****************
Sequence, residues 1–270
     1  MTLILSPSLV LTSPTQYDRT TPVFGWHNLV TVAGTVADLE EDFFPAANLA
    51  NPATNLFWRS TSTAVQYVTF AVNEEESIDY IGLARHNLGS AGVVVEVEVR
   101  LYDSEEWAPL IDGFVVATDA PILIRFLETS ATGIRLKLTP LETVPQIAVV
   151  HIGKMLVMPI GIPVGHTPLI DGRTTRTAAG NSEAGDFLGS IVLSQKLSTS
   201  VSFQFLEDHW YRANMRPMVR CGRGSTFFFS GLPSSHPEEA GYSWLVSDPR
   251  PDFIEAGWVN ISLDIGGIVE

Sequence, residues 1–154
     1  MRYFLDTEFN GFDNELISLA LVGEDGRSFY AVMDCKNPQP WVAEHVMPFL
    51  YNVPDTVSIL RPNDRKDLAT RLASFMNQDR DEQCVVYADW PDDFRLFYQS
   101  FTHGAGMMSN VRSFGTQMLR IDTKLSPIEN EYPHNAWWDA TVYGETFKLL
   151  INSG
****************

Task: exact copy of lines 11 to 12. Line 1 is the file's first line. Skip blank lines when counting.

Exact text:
   101  FTHGAGMMSN VRSFGTQMLR IDTKLSPIEN EYPHNAWWDA TVYGETFKLL
   151  INSG